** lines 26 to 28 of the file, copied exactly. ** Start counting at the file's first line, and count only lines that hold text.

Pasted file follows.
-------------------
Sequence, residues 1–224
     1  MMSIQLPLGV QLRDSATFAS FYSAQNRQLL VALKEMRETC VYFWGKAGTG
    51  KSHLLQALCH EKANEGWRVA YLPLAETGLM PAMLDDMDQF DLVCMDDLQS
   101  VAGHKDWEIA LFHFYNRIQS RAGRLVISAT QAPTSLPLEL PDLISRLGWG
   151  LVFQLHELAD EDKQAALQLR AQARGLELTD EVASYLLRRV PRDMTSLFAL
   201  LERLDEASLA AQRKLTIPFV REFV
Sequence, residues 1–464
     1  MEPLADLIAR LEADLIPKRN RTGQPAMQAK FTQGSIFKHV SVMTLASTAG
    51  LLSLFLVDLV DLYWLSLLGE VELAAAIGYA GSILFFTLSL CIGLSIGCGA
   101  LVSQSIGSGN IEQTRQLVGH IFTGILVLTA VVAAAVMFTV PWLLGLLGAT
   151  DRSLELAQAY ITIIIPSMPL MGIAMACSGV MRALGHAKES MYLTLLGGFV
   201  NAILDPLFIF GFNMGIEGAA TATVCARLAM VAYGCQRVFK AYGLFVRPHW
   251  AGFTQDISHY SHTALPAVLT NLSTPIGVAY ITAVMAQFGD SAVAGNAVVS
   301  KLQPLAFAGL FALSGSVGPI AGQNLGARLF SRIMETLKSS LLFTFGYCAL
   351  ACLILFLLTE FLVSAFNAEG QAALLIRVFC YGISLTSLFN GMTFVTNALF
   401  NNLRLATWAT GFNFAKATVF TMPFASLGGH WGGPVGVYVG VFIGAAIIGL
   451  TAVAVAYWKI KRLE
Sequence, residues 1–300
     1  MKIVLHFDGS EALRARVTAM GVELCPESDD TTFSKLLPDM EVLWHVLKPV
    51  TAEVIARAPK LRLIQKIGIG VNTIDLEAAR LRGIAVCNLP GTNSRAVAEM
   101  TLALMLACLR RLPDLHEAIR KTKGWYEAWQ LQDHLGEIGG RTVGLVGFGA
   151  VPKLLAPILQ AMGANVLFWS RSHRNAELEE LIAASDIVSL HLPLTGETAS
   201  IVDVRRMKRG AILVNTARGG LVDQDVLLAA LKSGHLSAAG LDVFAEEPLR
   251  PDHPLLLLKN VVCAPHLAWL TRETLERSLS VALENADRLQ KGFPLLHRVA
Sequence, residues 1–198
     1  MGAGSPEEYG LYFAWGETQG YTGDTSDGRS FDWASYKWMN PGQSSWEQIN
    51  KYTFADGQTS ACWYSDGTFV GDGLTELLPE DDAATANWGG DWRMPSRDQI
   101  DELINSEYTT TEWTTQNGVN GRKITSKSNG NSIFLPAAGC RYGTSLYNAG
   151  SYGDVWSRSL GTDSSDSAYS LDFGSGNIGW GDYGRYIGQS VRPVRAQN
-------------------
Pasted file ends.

     1  MGAGSPEEYG LYFAWGETQG YTGDTSDGRS FDWASYKWMN PGQSSWEQIN
    51  KYTFADGQTS ACWYSDGTFV GDGLTELLPE DDAATANWGG DWRMPSRDQI
   101  DELINSEYTT TEWTTQNGVN GRKITSKSNG NSIFLPAAGC RYGTSLYNAG